You can have communities that have much stricter rules than Twitter has. And in practice, a lot of them are [stricter]. And this is part of where, again, the technology intersects with guidance or leadership from Mastodon the company. I think that, through the way that we communicate publicly, we have avoided attracting a crowd of the kind of people who you would find on Parler or Gab, or whatever other internet hate forums. Instead we’ve attracted the kind of people who would moderate against hate speech when running their own servers. Additionally, we also act as a guide for anyone who wants to join. Because on our website, and our apps, we provide a default list of curated servers that people can make accounts on. And through that, we make sure that we curate the list in such a way that any server that wants to be promoted by us has to agree to a certain basic set of rules, one of which is that no hate speech is allowed, no sexism, no racism, no homophobia, or transphobia. And through that, we ensure that the association between Mastodon, the brand, and the experience that people want is that of a much safer space than something like Twitter.
But what happens if hateful people do set up a server?
Well, obviously, they don’t get promoted on our “Join Mastodon” website or in our app. So whatever they do, they do on their own and completely separately, and the other administrators that run their own Mastodon servers, when they find out that there’s a new hate speech server, they may decide that they don’t want to receive any messages from the server and block it on their end. Through, I guess you could call it the democratic process, the hateful server can get ostracized or can get split off into basically, a little echo chamber, which is, I guess, no better or worse than them being in some other echo chamber. The internet is full of spam. It’s full of abuse, of course. Mastodon provides the facilities necessary to deal with unwanted content, both on the user end and on the operator end.
What made you want to go into building a service like this back in 2016?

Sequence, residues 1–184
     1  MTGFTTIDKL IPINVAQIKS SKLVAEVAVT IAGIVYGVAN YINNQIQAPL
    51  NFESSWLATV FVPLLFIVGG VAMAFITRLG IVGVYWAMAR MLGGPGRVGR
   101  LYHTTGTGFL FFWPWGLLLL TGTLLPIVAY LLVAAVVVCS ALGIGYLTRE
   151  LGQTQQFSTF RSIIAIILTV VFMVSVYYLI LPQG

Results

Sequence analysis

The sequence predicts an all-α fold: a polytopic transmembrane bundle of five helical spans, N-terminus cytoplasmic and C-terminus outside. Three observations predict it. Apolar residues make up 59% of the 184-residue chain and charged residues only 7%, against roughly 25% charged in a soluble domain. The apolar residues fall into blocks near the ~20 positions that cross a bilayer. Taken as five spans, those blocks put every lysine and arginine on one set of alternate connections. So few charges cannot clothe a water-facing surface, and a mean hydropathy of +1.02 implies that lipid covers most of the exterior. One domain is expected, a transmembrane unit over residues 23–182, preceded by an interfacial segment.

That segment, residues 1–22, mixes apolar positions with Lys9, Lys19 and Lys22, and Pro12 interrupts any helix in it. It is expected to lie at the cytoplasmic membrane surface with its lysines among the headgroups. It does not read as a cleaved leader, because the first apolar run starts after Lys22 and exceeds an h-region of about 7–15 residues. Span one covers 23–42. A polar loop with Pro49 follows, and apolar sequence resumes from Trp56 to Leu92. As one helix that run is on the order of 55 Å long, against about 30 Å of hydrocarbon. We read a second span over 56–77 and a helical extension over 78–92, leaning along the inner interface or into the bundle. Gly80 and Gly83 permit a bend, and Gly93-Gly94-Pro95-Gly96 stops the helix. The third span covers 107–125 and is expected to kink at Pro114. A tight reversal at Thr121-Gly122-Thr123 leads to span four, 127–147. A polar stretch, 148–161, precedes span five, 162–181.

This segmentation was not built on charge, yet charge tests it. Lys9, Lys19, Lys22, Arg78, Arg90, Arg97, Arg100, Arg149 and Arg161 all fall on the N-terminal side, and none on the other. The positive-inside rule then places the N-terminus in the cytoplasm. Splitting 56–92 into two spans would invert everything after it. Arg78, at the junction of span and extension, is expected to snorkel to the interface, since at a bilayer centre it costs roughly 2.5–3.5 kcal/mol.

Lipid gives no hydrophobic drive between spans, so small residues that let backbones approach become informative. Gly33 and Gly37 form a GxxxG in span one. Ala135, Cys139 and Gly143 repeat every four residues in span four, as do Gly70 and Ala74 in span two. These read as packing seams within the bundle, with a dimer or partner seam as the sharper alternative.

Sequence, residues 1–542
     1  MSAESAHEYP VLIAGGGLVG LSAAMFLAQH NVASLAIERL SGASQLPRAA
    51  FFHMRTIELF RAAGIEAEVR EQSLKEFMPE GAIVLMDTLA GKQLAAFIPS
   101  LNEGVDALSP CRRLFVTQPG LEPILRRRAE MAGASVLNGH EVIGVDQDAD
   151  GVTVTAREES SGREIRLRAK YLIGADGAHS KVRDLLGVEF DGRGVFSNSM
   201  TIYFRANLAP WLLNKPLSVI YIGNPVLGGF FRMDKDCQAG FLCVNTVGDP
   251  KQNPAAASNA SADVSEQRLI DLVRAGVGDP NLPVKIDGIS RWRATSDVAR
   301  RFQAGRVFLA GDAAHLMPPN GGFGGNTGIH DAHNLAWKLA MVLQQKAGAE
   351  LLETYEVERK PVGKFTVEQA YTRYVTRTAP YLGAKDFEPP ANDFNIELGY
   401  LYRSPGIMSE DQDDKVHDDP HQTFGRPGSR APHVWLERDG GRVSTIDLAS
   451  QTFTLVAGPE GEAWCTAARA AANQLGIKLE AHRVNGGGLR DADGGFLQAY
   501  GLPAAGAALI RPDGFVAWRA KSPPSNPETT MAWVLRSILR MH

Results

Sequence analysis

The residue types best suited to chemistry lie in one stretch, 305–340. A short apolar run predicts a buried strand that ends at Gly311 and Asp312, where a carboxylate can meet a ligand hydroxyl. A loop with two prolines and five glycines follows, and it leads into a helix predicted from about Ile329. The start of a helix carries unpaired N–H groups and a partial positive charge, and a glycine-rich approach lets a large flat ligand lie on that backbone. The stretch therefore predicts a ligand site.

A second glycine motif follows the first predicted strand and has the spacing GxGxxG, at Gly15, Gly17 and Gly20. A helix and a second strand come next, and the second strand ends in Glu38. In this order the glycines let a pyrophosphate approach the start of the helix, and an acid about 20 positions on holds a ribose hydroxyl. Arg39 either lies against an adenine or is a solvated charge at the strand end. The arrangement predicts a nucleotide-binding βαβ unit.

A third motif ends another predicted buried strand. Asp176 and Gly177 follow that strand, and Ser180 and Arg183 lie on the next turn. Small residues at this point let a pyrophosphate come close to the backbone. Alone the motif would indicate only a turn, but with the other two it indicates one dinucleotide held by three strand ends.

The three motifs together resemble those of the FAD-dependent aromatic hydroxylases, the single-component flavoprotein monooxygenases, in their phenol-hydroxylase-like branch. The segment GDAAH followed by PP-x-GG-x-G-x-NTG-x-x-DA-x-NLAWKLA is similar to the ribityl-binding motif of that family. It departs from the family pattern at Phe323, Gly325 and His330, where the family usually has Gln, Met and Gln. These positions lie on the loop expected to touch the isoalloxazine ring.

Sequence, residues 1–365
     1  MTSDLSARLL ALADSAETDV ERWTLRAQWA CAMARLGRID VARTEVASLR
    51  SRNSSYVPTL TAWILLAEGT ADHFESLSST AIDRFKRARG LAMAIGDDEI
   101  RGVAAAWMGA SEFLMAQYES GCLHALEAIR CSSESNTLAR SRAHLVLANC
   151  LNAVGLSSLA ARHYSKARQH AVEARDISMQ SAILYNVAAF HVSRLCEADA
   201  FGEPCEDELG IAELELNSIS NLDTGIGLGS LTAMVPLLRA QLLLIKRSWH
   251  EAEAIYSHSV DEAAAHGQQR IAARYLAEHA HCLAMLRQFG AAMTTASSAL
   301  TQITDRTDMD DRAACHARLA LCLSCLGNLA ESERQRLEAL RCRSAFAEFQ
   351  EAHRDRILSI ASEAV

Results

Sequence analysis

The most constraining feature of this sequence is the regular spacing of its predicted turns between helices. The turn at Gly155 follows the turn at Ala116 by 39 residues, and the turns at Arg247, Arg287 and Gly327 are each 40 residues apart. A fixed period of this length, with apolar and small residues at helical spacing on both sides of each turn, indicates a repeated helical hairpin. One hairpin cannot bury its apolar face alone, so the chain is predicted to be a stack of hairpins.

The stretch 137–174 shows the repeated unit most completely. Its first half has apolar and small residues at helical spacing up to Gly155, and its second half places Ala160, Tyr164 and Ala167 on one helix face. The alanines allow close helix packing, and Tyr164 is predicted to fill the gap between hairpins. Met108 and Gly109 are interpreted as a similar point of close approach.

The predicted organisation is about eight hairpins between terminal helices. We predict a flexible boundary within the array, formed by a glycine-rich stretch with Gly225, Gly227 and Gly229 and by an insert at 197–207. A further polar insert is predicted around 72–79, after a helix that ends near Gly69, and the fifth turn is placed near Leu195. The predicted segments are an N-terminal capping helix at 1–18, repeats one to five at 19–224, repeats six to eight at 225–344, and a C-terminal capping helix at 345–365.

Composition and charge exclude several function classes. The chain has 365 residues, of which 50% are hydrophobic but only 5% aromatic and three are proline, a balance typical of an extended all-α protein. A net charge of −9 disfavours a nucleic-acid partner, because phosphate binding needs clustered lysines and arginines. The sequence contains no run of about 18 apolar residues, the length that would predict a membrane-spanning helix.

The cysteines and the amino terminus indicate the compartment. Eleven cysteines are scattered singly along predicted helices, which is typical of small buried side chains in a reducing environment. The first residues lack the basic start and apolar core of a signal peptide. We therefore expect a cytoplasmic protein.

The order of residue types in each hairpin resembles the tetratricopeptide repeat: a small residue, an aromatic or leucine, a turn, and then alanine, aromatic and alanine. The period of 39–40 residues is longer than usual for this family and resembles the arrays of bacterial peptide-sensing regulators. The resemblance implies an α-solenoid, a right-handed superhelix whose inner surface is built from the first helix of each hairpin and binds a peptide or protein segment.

I remember that I was just not very happy with Twitter, and I was worried where it was going to go from there. Something very questionable was in its future. That got me thinking that, you know, being able to express myself online to my friends through short messages was actually very important to me, important also to the world, and that maybe it should not be in the hands of a single corporation that can just do whatever it wants with it. I started working on my own thing. I called it Mastodon because I’m not good at naming things. I just chose whatever came to my mind at the time. There was obviously no ambition of going big with it at the time.
It must feel pretty special to see something that you made grow from nothing to where it is now.
Indeed, it is. It is a very positive thing to find that your work is finally being appreciated and respected and more widely known. I’ve been fighting for this for a long time, I started working on Mastodon in 2016, back then I had no ambitions of it going far at all. It was very much a hobbyist project at the start, then when I launched publicly it seemed to strike a chord with at least the tech community and that’s when I got the original Patreon supporters that allowed me to take on this job full time. And from then on I have been working very, very hard to make this platform as accessible and as easy to use for everyone as possible. And to push the idea forward, that there is a better way to do social media than what the commercial companies like Twitter and Facebook allow.
Correction, November 7
The original version of this story misstated Eugen Rochko’s nationality. He is German, but not German-born
- Who Will Be TIME's Person of the Year 2023?
- Why Cell Phone Reception Is Getting Worse
- The Dirty Secrets of Alternative Plastics
- Column: It's Time to Scrap the Abraham Accords
- Israeli Family Celebrates Release of Hostage Grandmother
- In a New Movie, Beyoncé Finds Freedom
- The Top 100 Photos of 2023
- Want Weekly Recs on What to Watch, Read, and More? Sign Up for Worth Your Time